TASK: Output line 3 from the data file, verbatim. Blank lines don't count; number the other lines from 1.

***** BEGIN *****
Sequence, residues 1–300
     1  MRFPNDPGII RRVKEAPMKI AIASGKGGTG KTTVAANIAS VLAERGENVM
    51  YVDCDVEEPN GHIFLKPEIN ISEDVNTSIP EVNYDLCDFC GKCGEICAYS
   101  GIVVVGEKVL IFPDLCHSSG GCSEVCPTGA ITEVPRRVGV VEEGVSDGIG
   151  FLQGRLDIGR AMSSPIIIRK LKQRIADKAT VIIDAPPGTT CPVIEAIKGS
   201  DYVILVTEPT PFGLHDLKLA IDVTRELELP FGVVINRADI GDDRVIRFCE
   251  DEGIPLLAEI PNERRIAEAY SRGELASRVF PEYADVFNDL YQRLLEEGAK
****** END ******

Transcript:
    51  YVDCDVEEPN GHIFLKPEIN ISEDVNTSIP EVNYDLCDFC GKCGEICAYS